xml:space="preserve">
xml:space="preserve">
Advertisement
Advertisement

A lifetime of sharing a passion for dance

As dance students from Stars Studio in North Laurel rehearsed for their annual recital May 31 at Laurel High School, a mob began congregating in the auditorium lobby.

Unknown to Veronica Mack, 80 — who was working behind closed doors on her final dance recital as a teacher at Stars — a crowd of around 50 former students showed up to honor their beloved "Miss Ronnie" with a flash dance.

Advertisement

Sarah Mackland, 25, drove in from Reston because "Miss Ronnie inspired us to love movement and music for a lifetime."

Nicole Schaffner, 29, a Stars teacher who's appeared on "So You Think You Can Dance," trained at at La Maison de la Danse, which Mack owned prior to teaching at Stars, from the age of 3.

Advertisement
Advertisement

"She's truly left a legacy; Miss Ronnie has touched hundreds of dancers' lives," Schaffner said.

It's been nearly three years since A Labor of Love - created by Carolyn Kelemen in the late 1980s to assist victims of AIDS - last brought a joyous evening of music and dance to the Smith Theatre. On Oct. 22, A Labor of Love will return with a new mission, as "Dancing for Divas" celebrates 50 years of Columbia's art in tribute to Columbia's pioneer women dancers, teachers and choreographers.

"Miss Ronnie is the sweetest, toughest teacher you'll ever meet," said Fulton resident Evan Kittrell, 21, who studied and taught at Stars prior to starting college at Kent State University.

Krista Linzey, 40, said she and her sister took classes at La Maison de la Danse in the early 1980s and danced with its Performing Company.

"[Ronnie] would always tell us, 'If your hair piece falls off, or part of your costume does, or you miss a step; just keep dancing with a smile on your face' — a great motto to live by," she said.

Advertisement

Linzey chose Stars Studio for her daughter Lily, 9, six years ago, she said, because she knew the studio's La Maison heritage.

"There will never be another Miss Ronnie," said Tammy Morris, an out-of-state La Maison dance mom who couldn't attend but has appreciated Mack for decades. "She loves her students from the first moment and no one sets the bar so high."

From jazzercise to balance exercises with a ballet barre, these area classes add rhythm to a workout.

The short, 3-4 minute musical theater flash mob routine — created by Mack's daughter Dawn Macey-Boyette and accompanied by "Thank You Very Much" from the "Scrooge" soundtrack — had been taught ahead of time to 75 Stars students by Macey-Boyette and Schaffner.

They, in turn, had been asked to spread it in secrecy to their friends.

Macey-Boyette quickly versed the newcomers in the lobby and at 6:30 p.m., the mob stormed the auditorium in a burst of musical love to join Stars students in a tribute performance onstage.

Mack appeared floored.

"I was shocked beyond description," she said, between tears, smiles and hugs in the lobby afterward. "When I saw my grandchildren, I thought, 'Oh, my word!' It was so exciting."

Stars owner Mollerick said she drew inspiration for the recital's theme, "A Night of Legends," from Mack, who began teaching at Stars Studio when it opened in 2008.

In the program, Mack wrote that teaching children had "quenched a 77-year passion for dance and performance that began when a doctor prescribed dance lessons to cure my 3-year-old pigeon toes."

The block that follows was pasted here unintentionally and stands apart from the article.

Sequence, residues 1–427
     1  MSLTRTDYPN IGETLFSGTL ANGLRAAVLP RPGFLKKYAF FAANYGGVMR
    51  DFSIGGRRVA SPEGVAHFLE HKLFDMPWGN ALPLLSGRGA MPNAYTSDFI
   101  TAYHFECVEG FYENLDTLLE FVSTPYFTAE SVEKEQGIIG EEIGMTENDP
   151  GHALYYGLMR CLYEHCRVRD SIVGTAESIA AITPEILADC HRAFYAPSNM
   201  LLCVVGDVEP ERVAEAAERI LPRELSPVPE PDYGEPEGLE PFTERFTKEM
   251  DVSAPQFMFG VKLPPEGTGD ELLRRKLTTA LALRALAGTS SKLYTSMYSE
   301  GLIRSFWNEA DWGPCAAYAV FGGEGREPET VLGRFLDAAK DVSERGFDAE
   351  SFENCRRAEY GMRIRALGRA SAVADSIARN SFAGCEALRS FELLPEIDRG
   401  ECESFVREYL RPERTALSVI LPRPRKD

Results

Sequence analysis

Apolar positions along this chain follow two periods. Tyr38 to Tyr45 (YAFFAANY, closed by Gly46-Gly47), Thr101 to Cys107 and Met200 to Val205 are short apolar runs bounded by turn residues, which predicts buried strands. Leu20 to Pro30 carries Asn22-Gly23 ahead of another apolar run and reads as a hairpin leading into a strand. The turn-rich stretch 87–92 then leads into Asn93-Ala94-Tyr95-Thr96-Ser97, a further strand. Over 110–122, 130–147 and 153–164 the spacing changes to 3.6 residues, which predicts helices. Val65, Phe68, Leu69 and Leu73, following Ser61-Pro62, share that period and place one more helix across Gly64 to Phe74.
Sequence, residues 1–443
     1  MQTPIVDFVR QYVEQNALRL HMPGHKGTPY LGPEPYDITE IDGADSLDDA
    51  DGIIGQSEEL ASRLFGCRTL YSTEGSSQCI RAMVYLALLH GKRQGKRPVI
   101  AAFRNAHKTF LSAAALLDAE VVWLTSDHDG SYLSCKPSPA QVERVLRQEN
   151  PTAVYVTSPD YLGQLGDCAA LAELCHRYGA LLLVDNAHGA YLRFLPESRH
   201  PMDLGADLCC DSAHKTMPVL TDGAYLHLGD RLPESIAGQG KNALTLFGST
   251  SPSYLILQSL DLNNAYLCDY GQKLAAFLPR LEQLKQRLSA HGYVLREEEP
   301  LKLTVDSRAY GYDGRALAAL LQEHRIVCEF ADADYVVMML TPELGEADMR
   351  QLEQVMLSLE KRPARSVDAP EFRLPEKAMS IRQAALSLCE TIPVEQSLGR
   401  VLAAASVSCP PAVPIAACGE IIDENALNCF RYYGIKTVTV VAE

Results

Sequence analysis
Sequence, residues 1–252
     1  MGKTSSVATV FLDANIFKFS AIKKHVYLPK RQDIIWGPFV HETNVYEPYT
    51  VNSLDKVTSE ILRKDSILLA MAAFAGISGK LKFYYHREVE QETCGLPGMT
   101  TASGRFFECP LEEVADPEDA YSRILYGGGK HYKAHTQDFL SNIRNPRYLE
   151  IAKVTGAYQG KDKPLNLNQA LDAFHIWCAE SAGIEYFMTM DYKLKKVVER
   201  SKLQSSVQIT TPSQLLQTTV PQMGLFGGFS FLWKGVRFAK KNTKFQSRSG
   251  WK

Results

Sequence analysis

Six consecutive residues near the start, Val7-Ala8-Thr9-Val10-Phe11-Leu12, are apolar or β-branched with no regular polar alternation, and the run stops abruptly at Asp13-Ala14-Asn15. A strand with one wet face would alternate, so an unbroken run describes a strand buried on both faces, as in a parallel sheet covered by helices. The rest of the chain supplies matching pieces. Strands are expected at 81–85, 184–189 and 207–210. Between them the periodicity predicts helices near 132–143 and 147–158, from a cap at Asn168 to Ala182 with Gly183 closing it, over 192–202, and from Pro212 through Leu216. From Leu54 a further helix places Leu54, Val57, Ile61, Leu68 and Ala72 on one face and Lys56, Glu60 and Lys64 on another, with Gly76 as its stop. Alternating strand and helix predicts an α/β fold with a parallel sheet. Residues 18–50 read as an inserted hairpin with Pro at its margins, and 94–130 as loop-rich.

This seventh annual Stars recital — showcasing hundreds of dancers ranging from tots to young adults performing ballet, tap, jazz, lyrical, pointe, poms, contemporary and hip hop — was the last for "Miss Ronnie" as a teacher.

Mollerick said it was the end of an era.

"She is not only a legend at Stars Studio, but in the dance world," Mollerick wrote in an email. "Her work ethic and absolute love of teaching and creating has been an inspiration, not only to me, but to everyone she meets."

Mack studied tap, ballet, pointe, jazz, acrobatics, baton and Hawaiian beginning as a tot in a tutu. As a child she trained at the Helen Nickolson School of Dance, appearing regularly on "Hoppity-Skippity" on WTTC Channel 5, and later in New York City.

An assistant teacher by age 13, Mack appeared weekly on Sylvia Devey's "Children's Talent Show" on TV Channel 4 and danced solo on "Paul Whiteman's TV Teen Club" show.

Her career as a professional dancer led Mack to perform in the local area and also in New York, Canada, Bermuda and Portugal. As a full-time teacher, she trained pros such as Whitney Wiggins, a current Brooklynette who Macey-Boyette said has toured with big names like Beyoncé.

On June 6 and 7, tots in tiny tutus and pony tails will dance on the Laurel High School stage in concert with more than 200 other sublimely costumed "Pop Stars" from Stars Studio in North Laurel.

In 1963, Mack and her husband, Jerry, now deceased, settled in Maryland City where she still lives. In 1967, she opened La Maison de la Danse in the basement of her home, and after renting spaces in churches and schools, Mack settled into her own studio in the Brockbridge Shopping Center in 1984.

Mollerick's daughters — Stars instructors Hannah, Sarah and Alanah Mollerick — studied with Mack and Macey-Boyette at La Maison, where a number of Stars instructors received dance training.

Mollerick said she "expanded on the La Maison template" when she opened Stars Studio almost a decade ago.

Macey-Boyette said she considers her mother's greatest legacy to be the love for the art that she shared with any child who wanted to dance, regardless of their ability.

"For my mother, it was always about the kids, the education and the love of dance," she said.



Advertisement
Advertisement
Advertisement
Advertisement
Advertisement
Advertisement
Advertisement